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Mother of two fights deportation by staying in church

On Behalf of | Feb 24, 2015 | U.S. Immigration Law |

When faced with deportation, some people seek sanctuaries as they await decisions about their cases. One place some people trying to avoid deportation turn to is the church. Anyone in Maryland who faces deportation may be interested in the plight of a mother of two who has taken up residence in a church in another state in hopes of avoiding deportation.

The woman came to the United States in 1999 with her two children. In 2010, a traffic stop led to the discovery that the mother was here illegally. She was then detained. In the summer of 2014, she received word of an order for deportation. She then took shelter in the church to avoid deportation.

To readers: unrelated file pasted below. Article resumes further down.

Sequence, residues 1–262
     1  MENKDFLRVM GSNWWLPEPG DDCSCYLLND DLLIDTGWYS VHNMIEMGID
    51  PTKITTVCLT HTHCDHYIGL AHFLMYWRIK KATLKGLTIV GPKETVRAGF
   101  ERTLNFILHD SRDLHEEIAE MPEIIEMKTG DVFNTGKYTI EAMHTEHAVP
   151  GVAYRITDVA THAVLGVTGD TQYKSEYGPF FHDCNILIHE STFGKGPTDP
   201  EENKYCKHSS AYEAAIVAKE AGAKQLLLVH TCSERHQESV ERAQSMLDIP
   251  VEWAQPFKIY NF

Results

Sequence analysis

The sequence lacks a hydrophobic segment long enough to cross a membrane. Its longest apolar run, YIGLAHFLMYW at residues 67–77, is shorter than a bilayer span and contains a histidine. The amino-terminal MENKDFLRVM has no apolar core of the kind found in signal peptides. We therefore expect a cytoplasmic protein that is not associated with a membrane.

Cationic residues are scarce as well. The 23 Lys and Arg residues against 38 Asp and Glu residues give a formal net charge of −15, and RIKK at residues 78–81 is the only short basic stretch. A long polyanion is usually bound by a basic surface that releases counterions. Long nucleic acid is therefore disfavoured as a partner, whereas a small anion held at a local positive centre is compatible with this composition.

The public has noticed her plight, and the community has rallied on her behalf. While her case is dubbed a low-priority case, it is still open. The woman hopes the proposed immigration reform will stop her deportation from being necessary. According to the report, Immigration and Customs Enforcement (ICE) has said it is still an open case, but, at the present time, its officials are not actively trying to remove the woman from the United States.

The deportation process can take a great deal of time and legal wrangling. It can also leave Maryland families and individuals in states of limbo as they wait for rulings or official actions pertaining to their cases. Anyone caught in a similar state of limbo or who has questions about the effects the immigration reform may have on his or her case may want to discuss his or her specific situation with a legal professional experienced in immigration matters.

Source: Fox News Latino, “Tucson residents start campaign in support of woman who took sanctuary in church”, Aalia Shaheed, Feb. 20, 2015